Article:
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Medical Cannabis(About)

Understanding cannabinoids in medical cannabis is a fascinating topic that we should all explore. The key point to grasp is that cannabinoids undergo changes, leading to a variety of different compounds. Even when stored, cannabinoids continue to transform. The process of converting cannabigerol (CBG) to cannabidiol (CBD) to cannabichromene (CBC) results in 49-THC. Currently, we are aware of around 85 of these transformations, with new discoveries being made each year. The primary cannabinoid compounds include Cannabigerol (CBG), Cannabichromene (CBC), Cannabidiol (CBD), Tetrahydrocannabinol (THC), Cannabinol (CBN), Cannabielsoin (CBE), iso-Tetrahydrocannabino (iso-THC), Cannabicyclol (CBL), Cannabicitran (CBT), and Tetrahydrocannabivarin (THCV, THV). While you may work with all of them, THC and CBD are likely to be the most commonly used. As this is a guide for medical growers, it is important to understand how these compounds function in medicine. The brain receptor CB1 and the immune system receptor CB2 form complexes with cannabinoids, receiving and processing them chemically. There are two main types of interactions to be aware of: agonists, which cause an action, and antagonists, which block an action. Generally speaking, agonists increase effects while antagonists decrease them. However, their combination can lead to different outcomes. THC acts as an agonist, mainly providing pain relief and relaxation with psychoactive effects. CBD, on the other hand, although not overtly psychoactive, can modify the effects of THC when combined with it. Recent research has shown that CBD is a CB1 antagonist but indirectly influences the activity of receptors when paired with THC. While CBD has low affinity for both CB1 and CB2 receptors, it is believed to enhance THC binding to CB1 receptors. As THC degrades into cannabinol (CBN) over time, the potency of cured buds may decrease. For more information on curing and storage techniques, refer back to the relevant sections in this guide. Additionally, tetrahydrocannabivarins like THCV and THV are non-psychoactive compounds that mimic THC's medical benefits without its potential negative side effects like paranoia. The scientific community has extensively reviewed the medical benefits of cannabis, establishing its credibility as a form of medicine. With a solid foundation of evidence supporting cannabis as medicine, the focus now shifts to understanding its mechanisms and various treatment options available. By leveraging scientific evidence, we can challenge the unjust biases that perpetuate cannabis prohibition and advocate for its medicinal use based on facts alone. Each strain of cannabis has unique cannabinoid ratios, especially between sativa and indica strains. Indica strains typically have lower THC to CBD ratios, while sativa strains have higher ratios. Hybrid strains offer a personalized approach to medicinal use based on individual needs. It is worth noting ongoing research on the G protein-coupled receptor 55 (GPR55) as a potential cannabinoid receptor activated by cannabinoids and influenced by CBD as an antagonist. Another receptor known as 5-HT1A responds to CBD as an agonist.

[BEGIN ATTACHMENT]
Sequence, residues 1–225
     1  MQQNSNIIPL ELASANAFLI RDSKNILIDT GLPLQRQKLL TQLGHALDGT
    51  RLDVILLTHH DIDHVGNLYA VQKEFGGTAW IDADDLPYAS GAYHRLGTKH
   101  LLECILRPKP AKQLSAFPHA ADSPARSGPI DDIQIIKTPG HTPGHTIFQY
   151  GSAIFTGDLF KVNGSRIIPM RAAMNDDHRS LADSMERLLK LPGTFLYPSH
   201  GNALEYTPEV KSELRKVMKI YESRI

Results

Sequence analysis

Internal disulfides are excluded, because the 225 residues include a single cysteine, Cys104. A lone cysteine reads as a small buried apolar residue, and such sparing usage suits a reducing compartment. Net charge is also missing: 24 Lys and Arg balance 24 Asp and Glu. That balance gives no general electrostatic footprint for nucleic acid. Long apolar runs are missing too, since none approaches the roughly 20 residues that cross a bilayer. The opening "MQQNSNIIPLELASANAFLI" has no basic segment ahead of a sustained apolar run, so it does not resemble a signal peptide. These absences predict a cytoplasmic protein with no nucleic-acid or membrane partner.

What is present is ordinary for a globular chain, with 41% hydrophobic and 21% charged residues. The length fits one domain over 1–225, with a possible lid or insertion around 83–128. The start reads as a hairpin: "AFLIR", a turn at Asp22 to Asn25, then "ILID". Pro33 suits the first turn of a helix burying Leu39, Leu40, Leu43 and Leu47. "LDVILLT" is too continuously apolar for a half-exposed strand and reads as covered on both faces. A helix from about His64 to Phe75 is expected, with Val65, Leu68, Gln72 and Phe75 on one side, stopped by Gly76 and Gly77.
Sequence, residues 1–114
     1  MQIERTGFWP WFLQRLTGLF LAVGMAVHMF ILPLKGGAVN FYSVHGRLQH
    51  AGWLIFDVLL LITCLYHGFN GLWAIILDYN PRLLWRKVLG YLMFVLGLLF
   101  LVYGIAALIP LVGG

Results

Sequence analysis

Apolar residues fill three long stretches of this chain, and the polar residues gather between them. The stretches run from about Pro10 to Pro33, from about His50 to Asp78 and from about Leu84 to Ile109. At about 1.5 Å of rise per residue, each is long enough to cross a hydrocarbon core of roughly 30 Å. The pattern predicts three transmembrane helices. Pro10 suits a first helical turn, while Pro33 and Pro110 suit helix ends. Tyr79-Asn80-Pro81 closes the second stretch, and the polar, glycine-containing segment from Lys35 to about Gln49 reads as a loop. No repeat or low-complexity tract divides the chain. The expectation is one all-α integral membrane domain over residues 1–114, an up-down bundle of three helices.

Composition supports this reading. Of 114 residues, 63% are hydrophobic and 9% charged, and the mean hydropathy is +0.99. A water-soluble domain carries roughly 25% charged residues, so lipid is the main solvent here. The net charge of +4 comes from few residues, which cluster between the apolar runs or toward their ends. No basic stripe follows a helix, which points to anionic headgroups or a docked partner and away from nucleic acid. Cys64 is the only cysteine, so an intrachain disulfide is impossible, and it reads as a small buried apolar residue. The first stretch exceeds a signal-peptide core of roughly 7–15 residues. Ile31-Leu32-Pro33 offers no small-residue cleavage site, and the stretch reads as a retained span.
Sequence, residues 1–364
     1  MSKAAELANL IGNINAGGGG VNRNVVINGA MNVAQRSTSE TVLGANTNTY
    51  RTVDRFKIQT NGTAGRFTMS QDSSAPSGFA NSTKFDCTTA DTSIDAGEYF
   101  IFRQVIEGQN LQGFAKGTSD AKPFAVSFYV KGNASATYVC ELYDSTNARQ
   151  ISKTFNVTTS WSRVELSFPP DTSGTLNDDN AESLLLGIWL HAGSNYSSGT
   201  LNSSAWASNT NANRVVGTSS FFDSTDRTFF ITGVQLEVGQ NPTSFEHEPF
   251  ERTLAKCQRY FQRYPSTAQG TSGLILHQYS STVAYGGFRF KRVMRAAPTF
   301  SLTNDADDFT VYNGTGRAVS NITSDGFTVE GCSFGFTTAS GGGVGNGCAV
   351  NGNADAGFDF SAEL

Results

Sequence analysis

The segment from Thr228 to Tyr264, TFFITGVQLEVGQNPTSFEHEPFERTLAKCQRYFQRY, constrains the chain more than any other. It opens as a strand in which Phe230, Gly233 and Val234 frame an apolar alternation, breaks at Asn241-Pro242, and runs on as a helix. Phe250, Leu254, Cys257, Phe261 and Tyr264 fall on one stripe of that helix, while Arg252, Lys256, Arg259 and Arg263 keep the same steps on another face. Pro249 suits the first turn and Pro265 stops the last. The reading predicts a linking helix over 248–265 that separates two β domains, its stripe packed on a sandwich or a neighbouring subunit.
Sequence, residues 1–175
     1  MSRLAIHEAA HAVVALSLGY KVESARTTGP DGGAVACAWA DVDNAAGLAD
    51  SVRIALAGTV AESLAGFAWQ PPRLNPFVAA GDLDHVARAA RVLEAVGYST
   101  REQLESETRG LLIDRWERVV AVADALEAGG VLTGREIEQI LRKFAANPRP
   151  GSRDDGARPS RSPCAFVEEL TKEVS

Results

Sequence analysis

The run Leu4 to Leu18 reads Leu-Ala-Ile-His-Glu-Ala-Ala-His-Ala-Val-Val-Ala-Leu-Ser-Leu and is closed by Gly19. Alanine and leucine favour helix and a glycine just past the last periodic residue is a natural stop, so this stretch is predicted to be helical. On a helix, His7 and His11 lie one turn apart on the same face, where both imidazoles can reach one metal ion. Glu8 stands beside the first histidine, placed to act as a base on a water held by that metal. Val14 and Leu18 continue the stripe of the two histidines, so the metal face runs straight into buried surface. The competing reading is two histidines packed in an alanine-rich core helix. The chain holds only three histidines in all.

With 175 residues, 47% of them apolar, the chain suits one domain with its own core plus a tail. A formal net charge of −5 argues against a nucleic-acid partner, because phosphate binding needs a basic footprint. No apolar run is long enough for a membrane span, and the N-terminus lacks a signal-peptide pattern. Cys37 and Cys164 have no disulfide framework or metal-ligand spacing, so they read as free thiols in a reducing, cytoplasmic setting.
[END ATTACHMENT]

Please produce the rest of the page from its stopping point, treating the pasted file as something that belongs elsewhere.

Image by Lucas Vasques
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